In sum, given the limited contacts between CPC and Maryland, to require CPC to defend its interests in that state would "offend traditional notions of fair play and substantial justice." Int'l Shoe, 326 U.S. at 316, 66 S.Ct. 154 (internal quotation marks omitted). The evidence that CPC expressly aimed or directed its conduct toward Maryland consists of (1) CPC's semi-interactive, Maryland-accessible Internet website, which contained CPC's allegedly infringing use of the CAREFIRST name; and (2) CPC's contract with the Maryland web hosting company, NetImpact, which enabled CPC to launch the allegedly infringing website. For the reasons spelled out above, this evidence is insufficient to make out a prima facie case of specific jurisdiction.
Carefirst next contends that, even if it did not make a prima facie showing of personal jurisdiction, the district court abused its discretion in refusing to permit jurisdictional discovery. In denying Carefirst's motion for discovery, the court explained that, "in light of CPC's specific affidavits and the lack of any concrete proffer by [Carefirst]," Carefirst had not demonstrated that it was entitled to discovery. Opinion at 2. And in response to Carefirst's subsequent renewal of its discovery request on a motion to vacate the dismissal, the court found that Carefirst had "failed to establish any fraud or intentional misconduct on the part of [CPC]," and that the "additional information [that Carefirst sought] concerning [NetImpact] would not alter [the] analysis of personal jurisdiction." July Order at 1.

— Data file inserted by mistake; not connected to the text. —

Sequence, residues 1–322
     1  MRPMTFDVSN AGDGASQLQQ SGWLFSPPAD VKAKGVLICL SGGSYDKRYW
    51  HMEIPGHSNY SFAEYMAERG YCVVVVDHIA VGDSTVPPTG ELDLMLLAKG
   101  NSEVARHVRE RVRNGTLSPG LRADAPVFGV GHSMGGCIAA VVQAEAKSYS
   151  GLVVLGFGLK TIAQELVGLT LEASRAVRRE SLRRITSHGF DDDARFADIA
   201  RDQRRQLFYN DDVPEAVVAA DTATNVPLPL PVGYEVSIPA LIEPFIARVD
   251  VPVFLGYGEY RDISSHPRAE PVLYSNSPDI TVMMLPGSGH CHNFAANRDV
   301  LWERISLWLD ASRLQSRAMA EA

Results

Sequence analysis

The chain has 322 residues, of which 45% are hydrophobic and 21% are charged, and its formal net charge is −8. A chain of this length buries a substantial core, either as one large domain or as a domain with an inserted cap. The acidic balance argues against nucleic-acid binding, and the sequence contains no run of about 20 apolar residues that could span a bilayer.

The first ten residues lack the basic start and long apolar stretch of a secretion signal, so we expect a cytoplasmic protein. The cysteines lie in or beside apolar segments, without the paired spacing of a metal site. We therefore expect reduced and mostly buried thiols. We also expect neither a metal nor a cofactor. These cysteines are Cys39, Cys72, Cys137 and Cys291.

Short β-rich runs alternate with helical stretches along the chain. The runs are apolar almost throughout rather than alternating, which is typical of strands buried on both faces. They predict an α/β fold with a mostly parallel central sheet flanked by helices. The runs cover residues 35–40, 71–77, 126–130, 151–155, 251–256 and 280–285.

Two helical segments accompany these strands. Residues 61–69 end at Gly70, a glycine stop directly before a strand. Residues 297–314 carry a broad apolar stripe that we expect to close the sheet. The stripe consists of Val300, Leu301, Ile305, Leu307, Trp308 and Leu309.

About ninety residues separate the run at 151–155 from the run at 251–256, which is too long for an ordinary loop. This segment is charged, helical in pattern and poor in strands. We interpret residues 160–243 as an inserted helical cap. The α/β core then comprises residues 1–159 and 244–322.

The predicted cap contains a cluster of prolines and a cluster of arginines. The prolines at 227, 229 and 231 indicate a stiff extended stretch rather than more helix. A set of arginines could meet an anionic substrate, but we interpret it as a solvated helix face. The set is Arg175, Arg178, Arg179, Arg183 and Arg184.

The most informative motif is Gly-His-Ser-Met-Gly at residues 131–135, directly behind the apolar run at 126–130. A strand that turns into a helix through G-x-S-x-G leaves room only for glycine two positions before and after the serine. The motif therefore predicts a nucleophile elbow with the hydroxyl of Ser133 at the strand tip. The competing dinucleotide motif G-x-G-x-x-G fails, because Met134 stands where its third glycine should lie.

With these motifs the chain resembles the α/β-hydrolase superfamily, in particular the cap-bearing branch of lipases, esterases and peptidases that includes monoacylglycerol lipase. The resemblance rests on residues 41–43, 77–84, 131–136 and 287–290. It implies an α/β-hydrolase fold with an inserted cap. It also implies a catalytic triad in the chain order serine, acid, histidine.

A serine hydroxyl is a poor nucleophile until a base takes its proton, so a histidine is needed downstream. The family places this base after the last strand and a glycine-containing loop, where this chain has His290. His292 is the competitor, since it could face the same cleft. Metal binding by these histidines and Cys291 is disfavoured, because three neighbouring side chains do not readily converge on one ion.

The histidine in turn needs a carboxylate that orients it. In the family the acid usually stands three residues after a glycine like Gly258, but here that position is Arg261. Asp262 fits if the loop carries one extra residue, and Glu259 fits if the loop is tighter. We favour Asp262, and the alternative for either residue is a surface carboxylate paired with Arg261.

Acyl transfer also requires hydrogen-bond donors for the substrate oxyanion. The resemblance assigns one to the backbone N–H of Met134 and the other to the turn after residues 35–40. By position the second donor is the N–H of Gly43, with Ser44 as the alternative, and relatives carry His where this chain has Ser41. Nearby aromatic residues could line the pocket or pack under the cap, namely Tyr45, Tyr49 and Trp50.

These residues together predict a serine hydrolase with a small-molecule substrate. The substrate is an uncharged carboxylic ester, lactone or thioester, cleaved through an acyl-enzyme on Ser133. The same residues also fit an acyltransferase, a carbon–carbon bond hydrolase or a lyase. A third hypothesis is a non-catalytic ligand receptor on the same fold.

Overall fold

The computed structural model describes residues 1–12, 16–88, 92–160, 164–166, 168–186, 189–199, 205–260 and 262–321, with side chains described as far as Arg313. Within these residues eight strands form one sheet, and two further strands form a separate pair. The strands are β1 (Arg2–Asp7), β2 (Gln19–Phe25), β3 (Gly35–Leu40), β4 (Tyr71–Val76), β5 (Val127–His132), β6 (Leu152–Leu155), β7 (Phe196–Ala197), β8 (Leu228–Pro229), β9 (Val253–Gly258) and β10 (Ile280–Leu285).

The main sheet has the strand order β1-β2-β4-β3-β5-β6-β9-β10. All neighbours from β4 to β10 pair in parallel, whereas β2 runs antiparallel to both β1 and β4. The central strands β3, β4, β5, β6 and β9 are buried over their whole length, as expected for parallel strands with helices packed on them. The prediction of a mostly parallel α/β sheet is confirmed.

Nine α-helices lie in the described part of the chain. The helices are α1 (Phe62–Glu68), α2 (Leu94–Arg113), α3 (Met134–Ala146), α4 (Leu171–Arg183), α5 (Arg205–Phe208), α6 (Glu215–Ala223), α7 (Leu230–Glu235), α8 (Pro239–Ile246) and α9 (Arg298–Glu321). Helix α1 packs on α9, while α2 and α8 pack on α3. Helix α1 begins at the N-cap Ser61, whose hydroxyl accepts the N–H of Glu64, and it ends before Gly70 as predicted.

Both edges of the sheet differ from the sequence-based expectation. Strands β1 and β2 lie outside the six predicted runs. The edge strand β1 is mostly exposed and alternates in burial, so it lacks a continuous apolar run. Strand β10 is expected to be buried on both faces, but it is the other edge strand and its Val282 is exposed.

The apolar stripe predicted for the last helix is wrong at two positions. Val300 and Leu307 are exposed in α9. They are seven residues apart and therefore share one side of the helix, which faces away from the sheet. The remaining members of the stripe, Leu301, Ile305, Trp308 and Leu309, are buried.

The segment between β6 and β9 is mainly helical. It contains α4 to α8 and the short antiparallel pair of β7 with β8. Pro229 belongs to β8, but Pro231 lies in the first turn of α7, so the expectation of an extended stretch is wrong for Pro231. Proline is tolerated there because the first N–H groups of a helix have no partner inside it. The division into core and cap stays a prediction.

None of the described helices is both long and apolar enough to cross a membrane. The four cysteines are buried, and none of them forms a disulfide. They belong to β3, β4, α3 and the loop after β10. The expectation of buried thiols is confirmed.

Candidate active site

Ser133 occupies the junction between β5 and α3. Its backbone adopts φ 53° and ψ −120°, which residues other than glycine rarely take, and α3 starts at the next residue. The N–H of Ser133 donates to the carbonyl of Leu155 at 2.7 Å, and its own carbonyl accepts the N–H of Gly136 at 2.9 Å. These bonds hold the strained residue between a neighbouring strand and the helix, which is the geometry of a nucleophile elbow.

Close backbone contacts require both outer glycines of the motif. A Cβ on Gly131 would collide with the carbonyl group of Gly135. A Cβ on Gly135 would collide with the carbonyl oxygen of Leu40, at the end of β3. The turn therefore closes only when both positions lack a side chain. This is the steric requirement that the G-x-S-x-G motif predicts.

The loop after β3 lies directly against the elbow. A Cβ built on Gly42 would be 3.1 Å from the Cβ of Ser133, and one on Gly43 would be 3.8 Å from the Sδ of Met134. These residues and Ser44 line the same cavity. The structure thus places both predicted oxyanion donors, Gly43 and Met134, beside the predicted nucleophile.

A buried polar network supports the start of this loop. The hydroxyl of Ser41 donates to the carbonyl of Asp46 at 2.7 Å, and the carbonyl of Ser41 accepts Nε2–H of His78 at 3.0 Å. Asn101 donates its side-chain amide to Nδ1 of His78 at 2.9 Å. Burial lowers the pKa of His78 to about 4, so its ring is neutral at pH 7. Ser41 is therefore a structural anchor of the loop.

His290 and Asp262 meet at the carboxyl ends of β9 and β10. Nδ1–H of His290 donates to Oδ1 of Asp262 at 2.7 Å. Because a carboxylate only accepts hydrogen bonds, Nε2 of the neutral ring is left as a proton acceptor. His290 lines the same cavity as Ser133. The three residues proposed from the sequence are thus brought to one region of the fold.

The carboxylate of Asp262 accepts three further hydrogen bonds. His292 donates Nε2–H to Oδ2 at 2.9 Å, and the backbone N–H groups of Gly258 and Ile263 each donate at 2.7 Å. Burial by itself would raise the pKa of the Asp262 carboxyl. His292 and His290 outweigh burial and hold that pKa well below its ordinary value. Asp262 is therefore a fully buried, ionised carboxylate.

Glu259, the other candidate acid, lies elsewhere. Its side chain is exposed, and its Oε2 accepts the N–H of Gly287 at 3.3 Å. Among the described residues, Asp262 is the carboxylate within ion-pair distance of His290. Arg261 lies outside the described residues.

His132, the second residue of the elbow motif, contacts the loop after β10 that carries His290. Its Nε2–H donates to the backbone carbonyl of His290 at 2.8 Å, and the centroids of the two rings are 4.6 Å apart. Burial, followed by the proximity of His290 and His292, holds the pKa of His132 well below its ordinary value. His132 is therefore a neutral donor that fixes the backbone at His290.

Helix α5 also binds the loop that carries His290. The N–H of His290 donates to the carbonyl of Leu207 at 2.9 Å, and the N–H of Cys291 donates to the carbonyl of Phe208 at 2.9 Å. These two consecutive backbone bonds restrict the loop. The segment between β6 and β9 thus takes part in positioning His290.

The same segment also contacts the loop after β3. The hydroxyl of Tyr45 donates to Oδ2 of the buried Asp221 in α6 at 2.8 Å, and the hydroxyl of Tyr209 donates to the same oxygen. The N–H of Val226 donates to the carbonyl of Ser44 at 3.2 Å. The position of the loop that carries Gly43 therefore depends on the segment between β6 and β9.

The Opinion refers to "the lack of any concrete proffer by the defendant." Opinion at 2. Of course, Carefirst is the plaintiff, not the defendant. However, the accompanying Order makes it clear that the Opinion's reference to the "defendant" is merely a typographical error, and that the court intended "plaintiff" rather than "defendant."